Crime wave: How a guilty pleasure has become a thriving industry
A scene from CTV's 'Cardinal' is seen here.
LONDON, ONT. -- There is a murder spree raging across Canada.
Serial killers and psychopaths are running up the body count while pursued by a legion of police inspectors, private detectives, crime reporters and lawyers.
The writers who generate these tales of criminal terror - and the book buyers who can’t wait to read them - share an admitted attraction to the dark side. From traditional detective novels to police procedurals, and outright noir, they are drawn to humanity’s less sunny side.
According to the Canadian Book Market report, in 2018 the thriller category accounted for $73-million in sales, while mystery books claimed another $26-million.
That’s a combined market of almost $100 million – about nine per cent of all book sales - for the murderers and their pursuers to play in. Small wonder perhaps that the hit men just keep coming.
But the writers who craft these stories are not just in it for fame and fortune.
Desmond Ryan writes a series based on his police detective character Mike O’Shea, set in Toronto. He offers a simple explanation for why a retired police detective like himself turned to crime fiction.
“I could have written true crime, but that’s a lot of work, making sure all of the details are correct and all of that. Crime fiction is a lot more fun.”
And fun seems to be the motive behind all the killings. “I think crime fiction is fun,” says Lynn McPherson, a crime writer who also acts as the Southern Ontario representative for the Crime Writers of Canada.
She rejects suggestions that crime fiction came be dismissed because it is formulaic, pointing out that the crime or mystery sets parameters, within which lies a world of possibilities.
“A good crime fiction writer has the same challenge as any other author – to write a compelling story that readers enjoy.”
The stories are plot driven, she says, but second to the plot comes the characters, and even the heroes in these twilight tales are haunted souls.
And the criminal mayhem is happening from coast to coast to coast.
In B.C., Sam Weibe examines the underbelly of Vancouver while R. M. Greenaway explores the isolated northern interior.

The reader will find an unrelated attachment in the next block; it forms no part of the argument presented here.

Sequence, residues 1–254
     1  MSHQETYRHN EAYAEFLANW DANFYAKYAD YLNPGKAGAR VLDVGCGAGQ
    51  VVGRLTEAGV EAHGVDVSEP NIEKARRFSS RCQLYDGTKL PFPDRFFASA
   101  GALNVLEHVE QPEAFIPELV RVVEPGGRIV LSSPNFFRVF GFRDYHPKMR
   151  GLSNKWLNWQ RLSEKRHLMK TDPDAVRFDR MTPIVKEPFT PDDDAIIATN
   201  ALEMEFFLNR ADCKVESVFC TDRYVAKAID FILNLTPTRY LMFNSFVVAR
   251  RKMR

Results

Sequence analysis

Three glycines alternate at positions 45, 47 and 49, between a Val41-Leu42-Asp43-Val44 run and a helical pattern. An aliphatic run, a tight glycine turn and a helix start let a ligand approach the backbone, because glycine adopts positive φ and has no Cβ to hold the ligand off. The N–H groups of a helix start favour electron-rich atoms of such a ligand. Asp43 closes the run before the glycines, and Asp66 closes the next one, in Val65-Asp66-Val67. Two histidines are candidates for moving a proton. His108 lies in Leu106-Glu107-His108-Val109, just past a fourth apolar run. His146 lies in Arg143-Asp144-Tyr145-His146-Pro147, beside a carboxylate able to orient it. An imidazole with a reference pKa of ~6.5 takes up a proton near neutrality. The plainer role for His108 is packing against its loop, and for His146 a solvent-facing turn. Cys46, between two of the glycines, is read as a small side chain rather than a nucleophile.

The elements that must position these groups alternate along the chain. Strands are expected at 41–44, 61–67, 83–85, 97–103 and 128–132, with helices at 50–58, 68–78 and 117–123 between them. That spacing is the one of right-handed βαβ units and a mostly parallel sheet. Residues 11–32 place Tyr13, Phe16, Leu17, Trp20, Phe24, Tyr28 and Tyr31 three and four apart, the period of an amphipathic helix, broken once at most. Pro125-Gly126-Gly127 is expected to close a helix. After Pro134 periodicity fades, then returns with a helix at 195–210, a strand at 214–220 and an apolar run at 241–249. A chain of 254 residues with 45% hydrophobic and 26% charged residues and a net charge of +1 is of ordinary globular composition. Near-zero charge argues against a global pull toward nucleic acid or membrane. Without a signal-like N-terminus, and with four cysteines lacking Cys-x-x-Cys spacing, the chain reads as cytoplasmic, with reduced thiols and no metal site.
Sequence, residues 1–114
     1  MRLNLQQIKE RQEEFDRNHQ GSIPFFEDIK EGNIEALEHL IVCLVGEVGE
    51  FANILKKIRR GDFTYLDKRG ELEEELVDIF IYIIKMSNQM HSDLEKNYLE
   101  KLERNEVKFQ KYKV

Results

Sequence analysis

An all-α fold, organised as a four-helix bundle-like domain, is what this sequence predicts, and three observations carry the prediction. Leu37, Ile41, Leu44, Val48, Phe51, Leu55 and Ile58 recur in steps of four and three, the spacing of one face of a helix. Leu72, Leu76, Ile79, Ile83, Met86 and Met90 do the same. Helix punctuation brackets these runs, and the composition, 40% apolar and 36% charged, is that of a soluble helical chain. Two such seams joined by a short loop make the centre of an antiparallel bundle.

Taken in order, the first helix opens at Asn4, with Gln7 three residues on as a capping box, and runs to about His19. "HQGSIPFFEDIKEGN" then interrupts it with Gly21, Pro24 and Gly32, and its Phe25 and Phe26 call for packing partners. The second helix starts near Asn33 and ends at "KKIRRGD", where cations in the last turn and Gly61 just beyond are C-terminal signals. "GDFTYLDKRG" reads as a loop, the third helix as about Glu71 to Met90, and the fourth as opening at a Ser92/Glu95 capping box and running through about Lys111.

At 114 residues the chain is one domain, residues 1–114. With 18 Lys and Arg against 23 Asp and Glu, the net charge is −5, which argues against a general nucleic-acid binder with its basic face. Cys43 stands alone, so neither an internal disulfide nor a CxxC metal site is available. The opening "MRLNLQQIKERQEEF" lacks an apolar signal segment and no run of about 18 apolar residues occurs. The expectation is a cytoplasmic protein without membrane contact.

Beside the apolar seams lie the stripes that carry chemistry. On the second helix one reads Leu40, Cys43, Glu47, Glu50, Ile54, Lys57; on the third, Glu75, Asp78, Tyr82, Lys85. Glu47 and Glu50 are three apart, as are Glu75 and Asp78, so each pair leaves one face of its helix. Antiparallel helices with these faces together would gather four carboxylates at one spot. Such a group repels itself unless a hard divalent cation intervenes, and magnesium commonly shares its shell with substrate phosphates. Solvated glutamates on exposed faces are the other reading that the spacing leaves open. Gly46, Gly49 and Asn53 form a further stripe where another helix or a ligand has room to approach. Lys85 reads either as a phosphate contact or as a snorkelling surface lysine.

On the prairies, Anthony Bidulka writes about Saskatoon, while Garry Ryan explores Calgary.
Ontario has Robert Rotenberg’s Inspector Ari Greene keeping Toronto safe while Ottawa’s Inspector Michael Green is deployed by Barbara Fradkin.
And a current favourite is Giles Blunt’s John Cardinal series, the subject of a popular television adaptation airing on CTV.
Quebec’s Eastern Townships are patrolled by Louise Penny’s Inspector Gamache of the Surete, and John Farrow’s Emile Cinq-Mars maintains order in Montreal.
Atlantic Canada has its own crime writers including Phonse Jessom who has launched a noir series on an outlaw biker turned cop, and Anne Emery helps keep a lid on Halifax.
Kevin Major is providing order on the Rock, and there is even a Yukon element with the stories of Kelley Armstrong.
And this is just a random sampling. A complete list is beyond the scope of this article.
Michael Arntfield is an associate professor in the English Faculty at Western University and teaches a creative writing course focused on crime fiction.
He says the best crime writing tends to come from people who know what they are talking about. “The best police procedural writers tend to be crime reporters, cops, or even former criminals, like James Ellroy, who have firsthand experience” he says.
Michael Arntfield speaks in this file photo.
And Arntfield knows what he is talking about. This former police detective has been on the front lines himself. His own book, Murder in Plain English, is used as a textbook in his class and examines the ways in which crime fiction and actual crime intersect, and sometimes inspire each other.
“In general, realism and resolution are what readers want and are the hallmarks of a compelling and usually commercially successful work."
Canadian crime fiction can be neatly fit into a larger global resurgence of the genre, which many attribute to the enthusiasm created by Stieg Larsson’s The Girl with the Dragon Tattoo.
The book and its two sequels were so successful that an entire sub-genre of Nordic Noir was launched and continues to prosper today.
The Girl in the Spider's Web is the first sequel to Stieg Larsson's best-selling crime trilogy.
Like the Scandanavian writers, Canadian authors can make use of environment and isolation to give their mysteries a bleaker, more gothic tone.
But if the current craze was launched by Larsson’s work, which was only published after his death, how long can it be expected to continue?
Arntfield has an answer for that.
His studies of the genre lead him to believe that crime fiction thrives amid certain realities: “the conditions appear to be political upheaval with a focus on individualism, economic stability, and an average or lower-than-average real violent crime rate.”
So as long as times are good the demand for crime fiction seems secure.
But if the economy falters or the crime rate rises in the society, then “true crime as a voyeuristic indulgence is no longer marketable.”
Arntfield has, in fact, detected four historical waves of rising and falling popularity of the genre.
So for now, you can expect Canadian readers to continue spending their millions, and the crime wave will continue.